46 Prepare Florida Students for Tomorrow’s World Correlated for Florida Consumer Math successComplete Student and Instructor support packageExcellent organization for effectiveinstruction and student learningMathematics is taught, reinforced, andassessed with real-world applicationsIn the next few minutes, we will look at how the text and resources will prepare students and teachers for Florida consumer math success, the many resources that will support teaching and learning, how the text is organized with both teacher instruction and student learning, so that students can be successful with real world consumer math issues.
47 Correlated to Florida Standards and Access Points MA.6.A.1.3Solve real-world problems involving multiplication and division of fractions and decimals.xxv-xxvi, xxviii, 63, 80-86, 99, , 137, 143, 147, 170, 173, 188, 192, 243, 249, 278, 289, 299, 347, 351, 353, 357, 365, 367, 370, 429, 432, 438, 455, 487, 498, 537, 552, 563, 569IMA.6.A.3.1Write and evaluate mathematical expressions that correspond to given situations.xxii, xxxv, 5, 6, 15, 21, 81-84, 112, , 274, 296, 304, 310, 338, 392, 427, 439, ,MA.6.A.3.4Solve problems given a formula.5, 6, 15, 21, 22, 81, 84, 112, , 274, 296, 392, 439, ,MA.6.A.5.1Use equivalent forms of fractions, decimals, and percents to solve problems.xxxi-xxxii, 4, 8, 14-19, 40, 43-45, 56, 61, 62, 63, , 128, 134, 138, 148, , 258, 290, 293, , , 359,MA.6.S.6.1Determine the measures of central tendency (mean, median, mode) and variability (range) for a given set of data.xxvii, 27-31, 33, , , 518, see also (**Click on the 2009 Adoptions tab on the left)MA.7.A.1.2Solve percent problems, including problems involving discounts, simple interest, taxes, tips, and percents of increase or decrease.xxxi-xxxii, 14-19, 43-45, 57, 65, 81, 108, , , , , , , , , 367, , ,You will find complete and thorough coverage of the course standards and the access points in the text itself, as well as online where there are additional workshops created specifically for Florida teachers.Additional online workshops created for Florida teachers
48 Aligns with the Jump$tart Coalition’s National Standards for Personal Financial Literacy The text aligns with the JumpStart Standards for personal Financial Literacy so you can be confident that students are not only learning course standards, but you are equipping them to make wise financial decisions now and in the future.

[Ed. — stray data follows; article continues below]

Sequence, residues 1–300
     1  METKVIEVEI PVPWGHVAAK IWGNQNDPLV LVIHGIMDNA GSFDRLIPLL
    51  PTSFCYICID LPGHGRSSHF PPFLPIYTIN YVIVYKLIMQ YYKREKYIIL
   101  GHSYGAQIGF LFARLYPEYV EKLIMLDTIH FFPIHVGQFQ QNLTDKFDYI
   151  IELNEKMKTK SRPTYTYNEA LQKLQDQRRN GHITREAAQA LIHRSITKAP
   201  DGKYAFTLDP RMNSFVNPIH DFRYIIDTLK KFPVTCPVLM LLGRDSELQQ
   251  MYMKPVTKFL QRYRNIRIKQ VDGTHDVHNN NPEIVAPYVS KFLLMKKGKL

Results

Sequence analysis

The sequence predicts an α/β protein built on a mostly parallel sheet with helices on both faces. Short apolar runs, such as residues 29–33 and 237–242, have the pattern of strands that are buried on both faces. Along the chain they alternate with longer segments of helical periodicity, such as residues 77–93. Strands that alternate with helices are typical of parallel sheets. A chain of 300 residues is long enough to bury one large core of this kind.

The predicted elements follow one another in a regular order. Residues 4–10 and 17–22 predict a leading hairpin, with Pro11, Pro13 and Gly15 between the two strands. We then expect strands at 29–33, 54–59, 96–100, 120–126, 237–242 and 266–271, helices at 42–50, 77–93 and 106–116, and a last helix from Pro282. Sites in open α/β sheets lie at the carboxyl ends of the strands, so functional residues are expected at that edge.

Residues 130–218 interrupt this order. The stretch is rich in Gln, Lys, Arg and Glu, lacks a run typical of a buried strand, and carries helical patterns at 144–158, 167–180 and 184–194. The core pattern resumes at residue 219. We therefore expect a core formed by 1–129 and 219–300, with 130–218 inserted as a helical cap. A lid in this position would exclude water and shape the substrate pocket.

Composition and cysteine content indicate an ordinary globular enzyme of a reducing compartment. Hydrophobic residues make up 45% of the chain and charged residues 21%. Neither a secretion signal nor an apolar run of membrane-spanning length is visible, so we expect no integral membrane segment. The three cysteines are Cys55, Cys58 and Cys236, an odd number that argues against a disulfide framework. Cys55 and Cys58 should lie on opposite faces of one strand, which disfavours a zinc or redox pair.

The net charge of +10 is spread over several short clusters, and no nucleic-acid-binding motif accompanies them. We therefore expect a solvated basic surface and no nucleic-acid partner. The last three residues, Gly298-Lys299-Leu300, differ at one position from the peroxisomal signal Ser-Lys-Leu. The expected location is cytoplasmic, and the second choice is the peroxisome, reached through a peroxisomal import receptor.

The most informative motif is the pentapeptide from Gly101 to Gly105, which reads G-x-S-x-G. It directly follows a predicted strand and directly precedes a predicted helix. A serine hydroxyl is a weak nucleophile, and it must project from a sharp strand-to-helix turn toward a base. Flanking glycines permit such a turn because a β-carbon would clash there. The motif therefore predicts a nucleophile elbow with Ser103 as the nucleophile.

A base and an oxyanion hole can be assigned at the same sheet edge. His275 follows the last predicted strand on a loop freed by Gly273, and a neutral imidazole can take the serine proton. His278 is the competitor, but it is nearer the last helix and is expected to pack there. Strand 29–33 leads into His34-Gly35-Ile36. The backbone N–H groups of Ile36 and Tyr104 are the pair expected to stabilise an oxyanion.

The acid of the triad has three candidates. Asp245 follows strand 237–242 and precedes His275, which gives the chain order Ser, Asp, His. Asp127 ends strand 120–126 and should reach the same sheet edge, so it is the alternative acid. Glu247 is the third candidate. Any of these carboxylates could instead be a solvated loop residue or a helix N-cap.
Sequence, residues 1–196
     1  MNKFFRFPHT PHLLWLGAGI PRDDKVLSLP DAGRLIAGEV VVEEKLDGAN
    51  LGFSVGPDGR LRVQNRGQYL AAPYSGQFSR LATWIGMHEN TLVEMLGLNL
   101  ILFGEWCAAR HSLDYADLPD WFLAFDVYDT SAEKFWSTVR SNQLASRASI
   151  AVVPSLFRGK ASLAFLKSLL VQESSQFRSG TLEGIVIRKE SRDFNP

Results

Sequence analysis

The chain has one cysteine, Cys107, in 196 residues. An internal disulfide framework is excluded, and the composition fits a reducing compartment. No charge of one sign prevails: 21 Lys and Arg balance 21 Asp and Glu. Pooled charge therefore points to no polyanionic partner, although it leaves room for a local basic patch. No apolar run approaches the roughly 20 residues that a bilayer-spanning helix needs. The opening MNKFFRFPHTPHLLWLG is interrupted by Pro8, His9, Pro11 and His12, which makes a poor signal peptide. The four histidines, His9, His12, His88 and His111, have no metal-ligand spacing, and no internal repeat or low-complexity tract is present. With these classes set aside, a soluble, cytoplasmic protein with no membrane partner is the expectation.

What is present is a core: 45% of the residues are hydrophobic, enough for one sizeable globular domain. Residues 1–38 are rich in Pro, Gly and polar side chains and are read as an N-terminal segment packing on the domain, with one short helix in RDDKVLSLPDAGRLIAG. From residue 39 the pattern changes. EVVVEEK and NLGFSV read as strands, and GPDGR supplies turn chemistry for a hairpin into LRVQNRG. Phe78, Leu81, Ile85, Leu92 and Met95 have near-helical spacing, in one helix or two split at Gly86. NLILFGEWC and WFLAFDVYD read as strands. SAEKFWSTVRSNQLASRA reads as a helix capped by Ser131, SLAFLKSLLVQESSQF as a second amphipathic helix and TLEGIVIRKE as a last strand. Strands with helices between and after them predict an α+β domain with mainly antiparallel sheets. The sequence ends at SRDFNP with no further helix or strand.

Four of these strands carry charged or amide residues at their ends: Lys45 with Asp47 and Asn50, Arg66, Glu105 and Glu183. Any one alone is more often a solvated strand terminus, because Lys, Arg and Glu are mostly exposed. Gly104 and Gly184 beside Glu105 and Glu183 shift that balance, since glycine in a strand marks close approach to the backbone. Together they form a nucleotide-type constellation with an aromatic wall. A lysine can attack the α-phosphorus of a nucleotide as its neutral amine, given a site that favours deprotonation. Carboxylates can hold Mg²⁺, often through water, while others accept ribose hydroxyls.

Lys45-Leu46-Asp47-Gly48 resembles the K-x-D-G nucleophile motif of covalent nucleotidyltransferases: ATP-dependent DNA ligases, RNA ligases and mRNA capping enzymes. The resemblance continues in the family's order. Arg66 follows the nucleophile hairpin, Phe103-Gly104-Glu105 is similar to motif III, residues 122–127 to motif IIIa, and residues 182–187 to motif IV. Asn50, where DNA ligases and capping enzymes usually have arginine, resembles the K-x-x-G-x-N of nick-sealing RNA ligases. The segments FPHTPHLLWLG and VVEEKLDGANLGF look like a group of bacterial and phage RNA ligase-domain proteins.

49 Major Tools: Students www.cengage.com/school/business/math Student Edition (hardcover text)Companion Web SiteThe student text and companion website are the major tools for students. The website supports the content learning, and also helps students complete net bookmark internet activities that appear in the text.
50 Ancillary Materials: Students Student Workbook (softcover)Extra practice for every lessonOnline E-book: Student EditionView with free Adobe® Acrobat® Reader™Ancillary materials for students include a workbook, with extra practice for every lesson of the text, and an online e-book so students can access the text anywhere they have Internet access.
51 Major Tools: TeacherInstructor’s Wraparound Edition Companion Web Site:The major teacher tools includes the teacher’s wraparound edition with reduced student pages and teaching resources in the margins and a companion teacher website with a wealth of additional resource material to support your instruction.
52 Ancillary Materials: Teacher Instructor’s Resource CDLesson Plans, Algebra and Geometry Activities, Technology Activities, Chapter Test Masters and Answers; Competitive Event Guide; Instructor’s Edition of WorkbookExamView Assessment SuiteMore than 40 questions per chapterMultiple choice, numeric response, completion, short answerData Activities CDThe teacher’s ancillary materials include three CD’s.The instructors resource CD is packed full of resources such as lesson plans, additional activities, test masters and wealth of other materials that are also available online.ExamView Assessment Suite provides more than 40 questions per chapter in a variety of question formats and the ability to add your own questions to create paper or online tests.The Data Activities CD has the spreadsheets for the technology activities.